What you'll get from doing this step

Increased knowledge of your homeless populations, including location of outdoor camps, scope and size of substance abuse problems, common mental and physical challenges, and other key information that will help you craft a plan that addresses the real vulnerabilities in the community. Without this knowledge, you risk leaving people out and putting them in danger.

The biggest issue you might face in completing this step...

Quantitative data does not tell the whole story, so other reliable sources will be needed to complete the picture. Contact service providers, people experiencing homelessness, and other experts to get their qualitative accounts of the obstacles the homeless people face, their travel patterns, and problems they may face during and after a disaster.

If you can only do one part of this step...

Consult the local homelessness data expert to collect the most recent critical statistics about numbers, characteristics and locations of homeless people.
 

 

Tools to use for this step

 
Overview of Homelessness Data Sources (PDF)
Where to go for the stats you'll need about homelessness in your community

Review Community Homelessness Data (PDF)
Guidance on the data you can find in your local community to inform yourself about the scope and nature of homelessness in your community

Step 4: Identify

Gather information about your provider network

Why you should take this step

Your service provider network has skilled staff, facilities, and protocols for addressing homelessness that can support the disaster response. You will want to take advantage of these assets in your response. But a disaster can disrupt or overwhelm the organizations' operations. You need to understand the assets that are available as well as potential service gaps if a disaster hits.

What you'll get from doing this step

An inventory of the capacity, skills, and services that your service network can provide to assist homeless and other vulnerable people during and after a disaster as well as an idea of where there may be gaps in the network post disaster.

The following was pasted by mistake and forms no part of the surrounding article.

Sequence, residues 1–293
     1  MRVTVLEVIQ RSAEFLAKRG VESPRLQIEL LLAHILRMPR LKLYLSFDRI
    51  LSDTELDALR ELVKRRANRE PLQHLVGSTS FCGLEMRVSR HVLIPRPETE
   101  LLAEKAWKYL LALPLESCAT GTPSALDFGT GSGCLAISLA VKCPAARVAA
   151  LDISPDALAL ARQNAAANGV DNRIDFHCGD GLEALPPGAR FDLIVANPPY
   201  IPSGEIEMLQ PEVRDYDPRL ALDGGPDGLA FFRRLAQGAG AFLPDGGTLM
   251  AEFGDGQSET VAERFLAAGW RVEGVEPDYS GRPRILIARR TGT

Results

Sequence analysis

The biggest issue you might face in completing this step...

Ensure service providers' assessment of their post-disaster resources is realistic. Recommend conservative estimates, especially for large-scale disasters when service providers will need to attend to the well-being of themselves and their own families.

If you can only do one part of this step...

Create a comprehensive list of service providers, their contact information, and resources. You can use your Con Plan, CoC and 211 provider get a quick start.
 

 

Tools to use for this step

 
Collect Information From Your Network (PDF)
A form to capture important information about service providers in your community

Step 5: Improve

Expand your plan

Why you should take this step

After analyzing existing plans, creating a network, and using data to understand community needs and resources, you're ready to enhance your community's existing disaster plans to address any gaps that overlook homeless people and other vulnerable populations. You will have solutions tailored to your community, but you don't need to come up with everything on your own. Best practices gleaned from other communities are covered in Parts 2 and 3 of this Toolkit.

What you'll get from doing this step

An improved disaster plan that effectively integrates the needs of homeless people and other vulnerable people.

The biggest issue you might face in completing this step...

You do not want to create documents that sit on the shelf. To help ensure implementation, create action steps with clear lines of communication. Be specific. Include names of key contacts, titles and agencies, critical actions, responsible parties, and timelines.

If you can only do one part of this step...

Ensure the improved plan addresses the major issues that are key to disaster planning for the homeless: outreach, transportation, shelter, and services.

 

 

Tools to use for this step

 
Integrate the Needs of Homeless People in Your Disaster Plans (PDF)
How to make your plan better for addressing the needs of homeless people after a disaster